Rock-solid, practical, and inexpensive — a versatile workstation you can make from one sheet of plywood.
A woodworker can ever have enough work space. But building a permanent bench or table just makes the shop more crowded. That’s where this multipurpose workstation comes to the rescue. This knock-down workstation can be made in a few hours. It’s simple, yet the strong design makes it useful around the shop, house, or outdoors. You can set up a workstation in almost no time at all. And it can be assembled at two different heights. Use it in the low position as an assembly table or finishing table. Or for cutting sheets of plywood down to size with your circular saw. At the high position, you’ll have another workbench or miter saw station.
SELECT YOUR PLAN PACKAGE
- Metric (unavailable)
What You Get:
- 8 printable (digital) pages of step-by-step instructions
- 34 full-color photos, illustrations and exploded views
- Shop tips & techniques
- Cutting diagram and materials list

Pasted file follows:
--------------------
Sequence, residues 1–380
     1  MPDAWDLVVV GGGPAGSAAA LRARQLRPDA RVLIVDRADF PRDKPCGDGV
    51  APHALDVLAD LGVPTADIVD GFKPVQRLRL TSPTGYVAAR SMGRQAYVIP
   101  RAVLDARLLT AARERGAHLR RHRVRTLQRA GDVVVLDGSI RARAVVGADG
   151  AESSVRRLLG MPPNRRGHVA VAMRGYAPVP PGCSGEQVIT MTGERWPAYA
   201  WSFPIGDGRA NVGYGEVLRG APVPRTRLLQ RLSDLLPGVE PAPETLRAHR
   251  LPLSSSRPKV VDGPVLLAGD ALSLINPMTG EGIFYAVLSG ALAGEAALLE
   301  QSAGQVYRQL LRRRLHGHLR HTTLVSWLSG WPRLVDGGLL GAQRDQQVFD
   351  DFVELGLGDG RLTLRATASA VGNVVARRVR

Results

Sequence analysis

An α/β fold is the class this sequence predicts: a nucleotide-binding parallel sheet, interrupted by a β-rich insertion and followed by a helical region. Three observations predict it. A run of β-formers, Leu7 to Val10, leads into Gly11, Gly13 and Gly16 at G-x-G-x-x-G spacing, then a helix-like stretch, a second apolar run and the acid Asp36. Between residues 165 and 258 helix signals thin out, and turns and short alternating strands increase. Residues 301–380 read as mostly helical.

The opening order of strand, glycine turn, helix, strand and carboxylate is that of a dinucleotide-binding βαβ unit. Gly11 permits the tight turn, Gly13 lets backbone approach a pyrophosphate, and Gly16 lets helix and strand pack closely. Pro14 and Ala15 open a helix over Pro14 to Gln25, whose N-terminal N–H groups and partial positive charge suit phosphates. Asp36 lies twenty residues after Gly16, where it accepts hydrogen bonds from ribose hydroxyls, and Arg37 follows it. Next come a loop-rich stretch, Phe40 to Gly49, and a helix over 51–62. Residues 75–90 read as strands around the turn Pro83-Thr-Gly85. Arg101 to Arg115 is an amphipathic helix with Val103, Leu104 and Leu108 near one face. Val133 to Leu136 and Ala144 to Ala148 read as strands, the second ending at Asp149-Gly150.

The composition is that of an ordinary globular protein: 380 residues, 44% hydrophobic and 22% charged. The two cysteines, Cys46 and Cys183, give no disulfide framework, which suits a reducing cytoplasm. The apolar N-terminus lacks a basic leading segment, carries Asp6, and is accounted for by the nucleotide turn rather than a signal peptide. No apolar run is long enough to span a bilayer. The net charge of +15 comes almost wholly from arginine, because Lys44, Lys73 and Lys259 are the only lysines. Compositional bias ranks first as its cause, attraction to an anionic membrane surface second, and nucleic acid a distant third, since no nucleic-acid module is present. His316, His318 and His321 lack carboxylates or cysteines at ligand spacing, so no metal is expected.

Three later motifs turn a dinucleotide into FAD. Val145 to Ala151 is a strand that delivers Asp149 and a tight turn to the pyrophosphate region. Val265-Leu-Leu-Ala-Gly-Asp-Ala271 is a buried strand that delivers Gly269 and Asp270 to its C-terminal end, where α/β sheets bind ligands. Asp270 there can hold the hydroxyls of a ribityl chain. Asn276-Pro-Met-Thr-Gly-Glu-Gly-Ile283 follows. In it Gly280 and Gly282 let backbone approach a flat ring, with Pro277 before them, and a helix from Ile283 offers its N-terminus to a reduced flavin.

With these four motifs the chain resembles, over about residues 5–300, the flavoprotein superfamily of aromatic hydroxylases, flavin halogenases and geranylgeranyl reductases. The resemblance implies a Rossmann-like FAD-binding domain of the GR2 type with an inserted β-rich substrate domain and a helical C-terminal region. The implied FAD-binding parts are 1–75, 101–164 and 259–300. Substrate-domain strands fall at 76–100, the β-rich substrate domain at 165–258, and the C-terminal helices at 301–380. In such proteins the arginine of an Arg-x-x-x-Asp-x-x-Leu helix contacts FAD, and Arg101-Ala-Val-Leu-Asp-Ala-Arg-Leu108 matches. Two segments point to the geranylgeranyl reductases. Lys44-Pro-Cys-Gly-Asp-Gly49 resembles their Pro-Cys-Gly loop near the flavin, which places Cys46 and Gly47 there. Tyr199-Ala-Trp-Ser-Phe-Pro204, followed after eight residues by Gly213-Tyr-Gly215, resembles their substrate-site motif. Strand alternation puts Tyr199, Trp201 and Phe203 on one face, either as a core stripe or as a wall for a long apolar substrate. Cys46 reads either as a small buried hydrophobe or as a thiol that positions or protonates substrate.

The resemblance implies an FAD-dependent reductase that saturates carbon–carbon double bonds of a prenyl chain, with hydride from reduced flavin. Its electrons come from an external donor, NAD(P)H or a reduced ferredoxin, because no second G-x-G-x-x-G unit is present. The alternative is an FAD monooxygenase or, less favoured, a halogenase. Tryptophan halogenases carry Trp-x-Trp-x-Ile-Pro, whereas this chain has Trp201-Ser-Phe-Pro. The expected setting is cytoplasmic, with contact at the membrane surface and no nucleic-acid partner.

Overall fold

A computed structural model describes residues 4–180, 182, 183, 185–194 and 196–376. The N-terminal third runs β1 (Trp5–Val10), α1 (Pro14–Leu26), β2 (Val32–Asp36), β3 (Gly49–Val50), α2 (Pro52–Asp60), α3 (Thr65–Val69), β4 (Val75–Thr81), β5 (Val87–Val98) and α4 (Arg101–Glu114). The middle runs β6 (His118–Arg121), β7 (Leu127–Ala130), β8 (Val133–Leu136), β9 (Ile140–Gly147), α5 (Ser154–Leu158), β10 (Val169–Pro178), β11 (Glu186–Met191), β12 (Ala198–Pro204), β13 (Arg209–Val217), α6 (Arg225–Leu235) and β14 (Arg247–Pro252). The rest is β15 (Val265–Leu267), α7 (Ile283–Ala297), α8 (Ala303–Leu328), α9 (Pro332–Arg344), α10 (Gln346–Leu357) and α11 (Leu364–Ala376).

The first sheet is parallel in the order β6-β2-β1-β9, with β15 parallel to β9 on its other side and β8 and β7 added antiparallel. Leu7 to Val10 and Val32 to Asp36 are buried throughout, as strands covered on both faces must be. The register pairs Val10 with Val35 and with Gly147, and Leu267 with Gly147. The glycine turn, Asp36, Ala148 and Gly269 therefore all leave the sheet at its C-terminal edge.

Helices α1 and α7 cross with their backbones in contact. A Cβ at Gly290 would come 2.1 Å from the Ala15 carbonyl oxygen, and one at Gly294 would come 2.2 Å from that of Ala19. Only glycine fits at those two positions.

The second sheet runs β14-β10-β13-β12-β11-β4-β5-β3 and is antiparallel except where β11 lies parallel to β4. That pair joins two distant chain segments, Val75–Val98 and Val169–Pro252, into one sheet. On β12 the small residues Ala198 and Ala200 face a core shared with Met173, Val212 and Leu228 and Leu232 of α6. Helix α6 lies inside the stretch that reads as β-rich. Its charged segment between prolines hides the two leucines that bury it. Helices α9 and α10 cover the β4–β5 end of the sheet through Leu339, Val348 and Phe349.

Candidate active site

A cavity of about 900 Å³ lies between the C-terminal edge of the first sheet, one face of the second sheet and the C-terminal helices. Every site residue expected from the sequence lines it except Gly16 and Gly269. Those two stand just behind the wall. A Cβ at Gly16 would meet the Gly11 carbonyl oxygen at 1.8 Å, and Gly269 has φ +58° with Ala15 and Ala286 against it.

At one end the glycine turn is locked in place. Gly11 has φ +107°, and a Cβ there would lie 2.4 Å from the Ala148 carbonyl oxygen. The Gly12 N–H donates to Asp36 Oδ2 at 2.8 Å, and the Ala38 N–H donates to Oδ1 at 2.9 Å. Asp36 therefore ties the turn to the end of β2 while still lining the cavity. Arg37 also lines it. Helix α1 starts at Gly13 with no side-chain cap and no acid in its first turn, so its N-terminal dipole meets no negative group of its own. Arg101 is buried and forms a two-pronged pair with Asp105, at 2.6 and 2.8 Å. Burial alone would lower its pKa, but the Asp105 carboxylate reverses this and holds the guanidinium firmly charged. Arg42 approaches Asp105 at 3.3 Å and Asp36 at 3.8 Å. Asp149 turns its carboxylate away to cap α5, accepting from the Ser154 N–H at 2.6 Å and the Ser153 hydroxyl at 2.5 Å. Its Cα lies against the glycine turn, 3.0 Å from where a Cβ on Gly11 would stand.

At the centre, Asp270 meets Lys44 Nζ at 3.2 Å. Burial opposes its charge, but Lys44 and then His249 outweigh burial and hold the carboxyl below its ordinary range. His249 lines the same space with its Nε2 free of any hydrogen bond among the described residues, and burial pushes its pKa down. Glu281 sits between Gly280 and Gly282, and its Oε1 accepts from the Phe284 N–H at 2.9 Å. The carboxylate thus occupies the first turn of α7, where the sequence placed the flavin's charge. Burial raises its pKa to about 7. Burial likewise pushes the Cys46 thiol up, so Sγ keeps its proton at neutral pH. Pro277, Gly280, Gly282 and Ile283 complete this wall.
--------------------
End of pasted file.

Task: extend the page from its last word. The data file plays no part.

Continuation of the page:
Note: After your purchase, you will receive an email containing a PDF attachment of your purchased plan, as well as instructions for logging in to download the plan and access any other associated files and videos, which will all be located on this page.
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Similar Woodsmith Plans
This table is like a workbench in a kit. Slide a panel, twist a knob, and it converts from a "briefcase" to a workstation for your hobbies.
Moxon's Bench Vice
This double-screw bench vise can be affixed to the front of a workbench, raising the work to a comfortable height.
The United States Customary System of Units (USCS or USC), more commonly referred to as the English or Imperial system, is the standard set of units for our plans. It uses inches and feet for measurement. This is the one you probably want if you are in the United States, and it is the one we have traditionally offered on this website.
The International System of Units (SI), more commonly referred to as the metric system, is the alternative set of units that we have available for some of our plans. It uses millimeters, centimeters, and meters for measurement. This is the one you probably want if you are outside the United States. These plans are provided by our business partner, Australian Woodsmith, and are based on the original Woodsmith plan. However, dimensions and other elements of the plan may vary between the metric and standard versions. Be sure to double-check the plan before building.